Communicating with Your Insurance Carrier When a Claim Arises
A couple of months ago I offered some tips and techniques to anticipate, defuse, and resolve common complaints and disputes that may arise in your community, before frustration turns to litigation. I received several follow-up comments and questions from many of you who read that article about what happens when even the best attempts at resolution fail. So, I decided to offer “Part II: So you need to make a claim?”
One of the important elements of effective dispute resolution is communication; however, even when a dispute cannot be resolved initially, communication remains essential, particularly with your insurance carrier. Associations are obligated to notify their insurance carriers about claims, even potential claims, that may trigger coverage under the Association’s policy. Failure to do so could jeopardize coverage or at least impact the defense of the claim by the insurer. Below is a short list of common themes to look out for when a claim against the Association could arise:
- Non-compliance with procedural requirements imposed by law or the governing documents: “may” versus “shall”
- Failure to enforce or overzealous enforcement of covenants, restrictions and rules: “selective” or “arbitrary and capricious” enforcement
- Improper use of Association funds: Embezzlement
- Board members actions (non-actions): Discrimination, Failure to supervise or report known issues
The key is to find out about and understand potential claims as soon as possible, and to get your Association’s legal counsel involved to assist with an initial evaluation of the circumstances, and contact with your insurance carrier. It is necessary to document information like the date or time period when an event occurred, and the details about the claims and history of the dispute.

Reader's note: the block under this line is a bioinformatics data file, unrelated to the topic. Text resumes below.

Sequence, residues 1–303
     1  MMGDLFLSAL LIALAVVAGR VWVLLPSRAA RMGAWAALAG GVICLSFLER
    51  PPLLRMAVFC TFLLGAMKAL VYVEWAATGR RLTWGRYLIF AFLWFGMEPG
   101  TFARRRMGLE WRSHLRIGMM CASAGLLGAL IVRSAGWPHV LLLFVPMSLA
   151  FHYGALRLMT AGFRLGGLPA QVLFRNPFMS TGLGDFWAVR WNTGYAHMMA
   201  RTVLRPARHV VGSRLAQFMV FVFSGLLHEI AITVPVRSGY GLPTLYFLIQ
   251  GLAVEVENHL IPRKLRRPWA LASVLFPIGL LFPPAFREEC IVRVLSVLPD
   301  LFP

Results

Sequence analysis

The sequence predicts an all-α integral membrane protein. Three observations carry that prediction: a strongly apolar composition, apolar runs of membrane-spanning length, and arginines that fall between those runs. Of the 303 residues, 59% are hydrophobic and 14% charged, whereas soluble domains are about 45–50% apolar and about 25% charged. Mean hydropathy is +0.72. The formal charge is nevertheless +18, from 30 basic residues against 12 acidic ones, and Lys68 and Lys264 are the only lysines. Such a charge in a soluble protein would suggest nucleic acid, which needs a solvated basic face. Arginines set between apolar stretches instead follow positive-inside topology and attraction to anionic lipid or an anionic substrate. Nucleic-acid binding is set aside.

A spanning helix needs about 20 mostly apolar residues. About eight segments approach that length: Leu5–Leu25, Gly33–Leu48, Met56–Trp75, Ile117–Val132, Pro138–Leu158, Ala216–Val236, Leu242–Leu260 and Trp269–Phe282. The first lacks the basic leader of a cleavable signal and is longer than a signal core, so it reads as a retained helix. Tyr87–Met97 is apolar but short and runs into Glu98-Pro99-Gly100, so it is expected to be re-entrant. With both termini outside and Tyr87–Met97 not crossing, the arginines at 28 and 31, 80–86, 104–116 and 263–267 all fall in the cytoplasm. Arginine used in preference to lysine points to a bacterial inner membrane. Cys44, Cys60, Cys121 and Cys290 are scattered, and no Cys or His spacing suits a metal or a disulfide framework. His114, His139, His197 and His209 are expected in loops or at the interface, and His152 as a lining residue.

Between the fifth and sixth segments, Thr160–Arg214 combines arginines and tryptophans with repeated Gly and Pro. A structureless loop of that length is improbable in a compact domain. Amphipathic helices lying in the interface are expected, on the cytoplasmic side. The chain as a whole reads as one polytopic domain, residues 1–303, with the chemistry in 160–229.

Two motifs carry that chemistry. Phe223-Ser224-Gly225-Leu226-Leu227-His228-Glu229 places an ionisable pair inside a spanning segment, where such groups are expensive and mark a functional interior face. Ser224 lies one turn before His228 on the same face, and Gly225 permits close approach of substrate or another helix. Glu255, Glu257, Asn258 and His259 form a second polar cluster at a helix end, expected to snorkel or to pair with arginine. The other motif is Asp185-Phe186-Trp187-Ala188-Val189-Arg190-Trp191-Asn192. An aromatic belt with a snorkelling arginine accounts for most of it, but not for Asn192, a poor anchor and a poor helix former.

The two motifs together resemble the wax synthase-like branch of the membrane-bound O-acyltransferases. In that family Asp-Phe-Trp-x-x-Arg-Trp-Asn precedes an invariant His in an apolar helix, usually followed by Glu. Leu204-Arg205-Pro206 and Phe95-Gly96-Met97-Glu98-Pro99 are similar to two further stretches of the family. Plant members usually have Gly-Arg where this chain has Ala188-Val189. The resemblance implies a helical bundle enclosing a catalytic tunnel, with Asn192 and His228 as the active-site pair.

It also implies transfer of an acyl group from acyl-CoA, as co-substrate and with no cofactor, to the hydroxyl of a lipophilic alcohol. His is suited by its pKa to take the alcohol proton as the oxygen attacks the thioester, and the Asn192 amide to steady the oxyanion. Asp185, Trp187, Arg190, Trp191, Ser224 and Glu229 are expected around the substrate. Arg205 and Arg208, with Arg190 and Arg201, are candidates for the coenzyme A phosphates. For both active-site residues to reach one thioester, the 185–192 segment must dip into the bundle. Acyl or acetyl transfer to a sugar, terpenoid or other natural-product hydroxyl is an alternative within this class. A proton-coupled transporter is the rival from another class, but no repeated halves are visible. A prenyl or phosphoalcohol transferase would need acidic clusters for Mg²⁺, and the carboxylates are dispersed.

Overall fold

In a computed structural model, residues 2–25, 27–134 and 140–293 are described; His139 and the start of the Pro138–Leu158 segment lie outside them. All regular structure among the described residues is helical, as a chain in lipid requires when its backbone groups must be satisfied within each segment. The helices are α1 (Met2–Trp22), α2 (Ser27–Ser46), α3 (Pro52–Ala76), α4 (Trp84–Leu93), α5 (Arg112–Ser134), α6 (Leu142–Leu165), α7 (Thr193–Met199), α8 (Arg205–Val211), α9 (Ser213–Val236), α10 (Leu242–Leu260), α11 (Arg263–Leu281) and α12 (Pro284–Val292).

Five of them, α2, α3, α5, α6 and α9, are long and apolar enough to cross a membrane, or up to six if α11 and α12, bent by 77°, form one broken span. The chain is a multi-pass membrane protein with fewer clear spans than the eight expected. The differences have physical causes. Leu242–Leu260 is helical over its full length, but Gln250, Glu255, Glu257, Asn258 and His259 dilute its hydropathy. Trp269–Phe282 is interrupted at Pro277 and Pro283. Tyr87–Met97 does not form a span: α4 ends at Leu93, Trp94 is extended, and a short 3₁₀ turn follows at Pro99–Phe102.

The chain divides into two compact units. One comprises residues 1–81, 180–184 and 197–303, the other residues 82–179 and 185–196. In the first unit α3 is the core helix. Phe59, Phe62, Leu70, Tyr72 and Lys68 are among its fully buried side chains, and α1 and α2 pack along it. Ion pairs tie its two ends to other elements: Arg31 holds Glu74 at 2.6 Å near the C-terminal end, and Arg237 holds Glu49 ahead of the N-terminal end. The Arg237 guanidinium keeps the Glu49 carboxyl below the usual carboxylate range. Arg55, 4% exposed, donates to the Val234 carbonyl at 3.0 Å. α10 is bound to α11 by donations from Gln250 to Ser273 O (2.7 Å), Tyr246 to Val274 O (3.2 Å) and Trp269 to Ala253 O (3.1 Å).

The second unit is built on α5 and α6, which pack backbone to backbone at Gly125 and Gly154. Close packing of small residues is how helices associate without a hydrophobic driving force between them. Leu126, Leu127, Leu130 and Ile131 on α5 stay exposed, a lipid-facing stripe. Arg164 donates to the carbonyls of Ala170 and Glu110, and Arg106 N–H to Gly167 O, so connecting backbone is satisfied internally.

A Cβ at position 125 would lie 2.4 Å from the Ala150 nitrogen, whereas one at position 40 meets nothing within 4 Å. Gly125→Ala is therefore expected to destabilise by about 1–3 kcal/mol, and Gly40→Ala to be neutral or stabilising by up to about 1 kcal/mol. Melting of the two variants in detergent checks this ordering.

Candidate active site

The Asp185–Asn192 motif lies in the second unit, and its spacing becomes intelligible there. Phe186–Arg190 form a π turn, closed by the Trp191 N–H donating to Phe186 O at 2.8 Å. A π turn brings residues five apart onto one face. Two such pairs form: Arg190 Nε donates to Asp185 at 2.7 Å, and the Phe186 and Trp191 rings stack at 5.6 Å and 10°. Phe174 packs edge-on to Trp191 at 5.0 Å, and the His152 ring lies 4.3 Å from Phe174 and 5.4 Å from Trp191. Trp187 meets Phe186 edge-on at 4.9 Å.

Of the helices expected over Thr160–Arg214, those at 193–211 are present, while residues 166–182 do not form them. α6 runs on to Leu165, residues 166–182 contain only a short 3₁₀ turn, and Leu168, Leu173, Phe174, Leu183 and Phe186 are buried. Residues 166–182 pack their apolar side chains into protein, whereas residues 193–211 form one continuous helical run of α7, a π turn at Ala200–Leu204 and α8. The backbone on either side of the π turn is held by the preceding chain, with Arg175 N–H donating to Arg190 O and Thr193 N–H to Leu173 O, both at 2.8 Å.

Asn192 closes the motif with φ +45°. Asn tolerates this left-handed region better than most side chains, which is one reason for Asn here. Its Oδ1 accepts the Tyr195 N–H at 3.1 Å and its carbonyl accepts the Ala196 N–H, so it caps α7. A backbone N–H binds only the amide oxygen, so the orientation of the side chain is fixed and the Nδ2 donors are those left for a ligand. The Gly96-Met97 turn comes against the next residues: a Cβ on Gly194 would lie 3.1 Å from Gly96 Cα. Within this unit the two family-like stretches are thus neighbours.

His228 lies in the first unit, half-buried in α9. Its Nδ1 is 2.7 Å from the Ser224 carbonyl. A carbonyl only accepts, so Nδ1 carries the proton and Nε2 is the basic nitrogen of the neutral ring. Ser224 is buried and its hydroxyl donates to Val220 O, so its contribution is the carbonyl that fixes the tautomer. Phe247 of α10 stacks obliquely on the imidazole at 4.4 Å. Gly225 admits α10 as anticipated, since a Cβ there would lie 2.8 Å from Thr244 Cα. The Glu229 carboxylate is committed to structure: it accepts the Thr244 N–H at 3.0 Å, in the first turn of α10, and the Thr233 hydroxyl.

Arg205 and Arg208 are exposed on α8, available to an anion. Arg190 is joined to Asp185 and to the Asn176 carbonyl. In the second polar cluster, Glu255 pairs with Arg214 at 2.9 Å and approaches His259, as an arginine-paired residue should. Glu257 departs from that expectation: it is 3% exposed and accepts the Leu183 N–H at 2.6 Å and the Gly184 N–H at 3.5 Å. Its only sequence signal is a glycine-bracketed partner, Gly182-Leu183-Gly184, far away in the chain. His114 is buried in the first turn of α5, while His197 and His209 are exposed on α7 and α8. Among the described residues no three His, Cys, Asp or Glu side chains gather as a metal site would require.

As you may also notice, each of the issues above could implicate different policies – general liability for property damage (GL) or directors’ and officers’ liability (D&O). “D&O” claims can often arise from a multitude of different circumstances, even when there is also a “GL” claim involved, so particular attention should be paid to scenarios where the Board has communicated, considered, or decided to act or not to act. As circumstances change over time, regular updates should also be provided to the insurer.
Finally, if a covered claim results in litigation, the insurer will select an attorney who will serve in a limited capacity to represent and defend the Association in court. Many times this may be a different attorney or law firm than the one the Association may otherwise use for general counsel; nevertheless, it is possible to request that the Association’s general counsel also act as defense counsel. Even if the attorney is retained by the insurer to defend, the lawyer’s ultimate duty is to the Association, not the insurance company paying for the defense. The attorney should communicate between the Association and the insurer to keep both up-to-speed on the status of the case. Many insurance contracts give the insurer the exclusive right to settle a claim, which in most cases is also the most practical means of resolving a dispute effectively and efficiently; however, the attorney must keep the Association informed about all developments and possible settlement opportunities.
Written by: Michael Shupe